The People, Christianity, and Monarchy 1640-1660
The English Civil Wars 1640-1660 by Blair Worden, in my opinion provided clear facts for the historian. First, I enjoyed how Blair, gives you a disclaimer, “Professional historian’s nowadays delight in the complexity and density of the subject to which this book offers an introduction.” In other words, there will be a vast of topics to cover, so get ready.
Ye,t the argument of religion, I think was properly placed. I think, Worden would argue that, everywhere in (1640-1660) Europe, religion was a major debate. Worden has stated, “The proper place of religion in English foreign policy was a divisive issue, with which the debate on the future of the English Church was embroiled.” In other words, religion was so profound, during the mid-17th century, that foreign policy was a major issue discussed, which was coupled with such matters of theology or religion.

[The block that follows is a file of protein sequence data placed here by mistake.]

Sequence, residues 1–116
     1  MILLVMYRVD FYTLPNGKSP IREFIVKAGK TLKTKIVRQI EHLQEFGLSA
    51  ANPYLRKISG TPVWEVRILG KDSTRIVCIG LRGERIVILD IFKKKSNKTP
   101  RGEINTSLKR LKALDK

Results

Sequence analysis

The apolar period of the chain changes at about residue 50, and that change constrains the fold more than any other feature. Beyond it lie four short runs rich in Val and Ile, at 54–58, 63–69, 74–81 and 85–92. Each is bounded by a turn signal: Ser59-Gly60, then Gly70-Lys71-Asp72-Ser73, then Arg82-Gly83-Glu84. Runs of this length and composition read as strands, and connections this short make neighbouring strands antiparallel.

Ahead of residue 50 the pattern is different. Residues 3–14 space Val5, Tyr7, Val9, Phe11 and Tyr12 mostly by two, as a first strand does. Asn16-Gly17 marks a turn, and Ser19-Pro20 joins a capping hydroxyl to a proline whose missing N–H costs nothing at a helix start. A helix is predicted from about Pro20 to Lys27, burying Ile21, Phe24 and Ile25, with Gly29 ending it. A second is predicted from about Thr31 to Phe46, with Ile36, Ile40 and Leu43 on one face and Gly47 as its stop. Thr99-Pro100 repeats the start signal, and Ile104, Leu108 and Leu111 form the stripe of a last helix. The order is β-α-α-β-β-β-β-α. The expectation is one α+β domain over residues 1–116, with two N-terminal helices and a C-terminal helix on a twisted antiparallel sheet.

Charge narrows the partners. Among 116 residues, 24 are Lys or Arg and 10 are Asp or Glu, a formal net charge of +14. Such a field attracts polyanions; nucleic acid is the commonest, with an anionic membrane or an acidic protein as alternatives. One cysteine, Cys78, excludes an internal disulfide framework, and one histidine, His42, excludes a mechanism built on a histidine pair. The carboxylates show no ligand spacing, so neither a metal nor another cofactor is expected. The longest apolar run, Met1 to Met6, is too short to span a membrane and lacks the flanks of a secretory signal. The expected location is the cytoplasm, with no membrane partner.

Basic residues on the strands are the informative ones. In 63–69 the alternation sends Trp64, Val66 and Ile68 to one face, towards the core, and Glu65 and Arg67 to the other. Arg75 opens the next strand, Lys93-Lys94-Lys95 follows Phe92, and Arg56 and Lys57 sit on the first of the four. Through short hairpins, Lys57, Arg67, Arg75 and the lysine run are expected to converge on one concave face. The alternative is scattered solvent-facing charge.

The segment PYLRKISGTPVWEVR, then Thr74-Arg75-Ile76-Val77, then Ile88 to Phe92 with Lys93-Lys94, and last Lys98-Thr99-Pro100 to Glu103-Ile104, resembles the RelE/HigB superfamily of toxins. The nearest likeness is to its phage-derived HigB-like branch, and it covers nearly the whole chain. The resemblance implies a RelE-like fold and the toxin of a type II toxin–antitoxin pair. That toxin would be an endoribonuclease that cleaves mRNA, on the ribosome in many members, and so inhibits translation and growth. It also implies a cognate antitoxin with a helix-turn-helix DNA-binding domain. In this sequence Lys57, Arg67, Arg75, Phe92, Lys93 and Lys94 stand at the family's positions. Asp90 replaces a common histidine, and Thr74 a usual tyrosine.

Also, Blair touches on salvation and the arguments which have ensued due in part to defining salvation P.79). Yet, Charles I would never really see his visions fulfilled as he was executed, doing away with his head.
The whole idea of cutting of the kings head is very impressionable, to say the least. I mean England must have felt a sense of new begging’s; especially given Cromwell’s Army, his leadership, and his oration skills. Yet, it was the “peoples” voice who he represented. (p.104)
Also, I found very interesting the conversation about Eikon Basilike ((the Kings Book (p.105)). The reason behind my interest, is because it became a bestseller, or in other words, in the public large interest was gained; and I wonder how many were truly happy to see a new monarch and how many were opposed? For that question’s answer, I will re-examine our text book in the sources and debates.
In closing, Blair Worden’s book, I felt, put me right up and close, with Charles I and his removal from the crown by his decapitation. Yet, Worden contextualizes the events of the English Civil Wars, and I found great use in reading his work.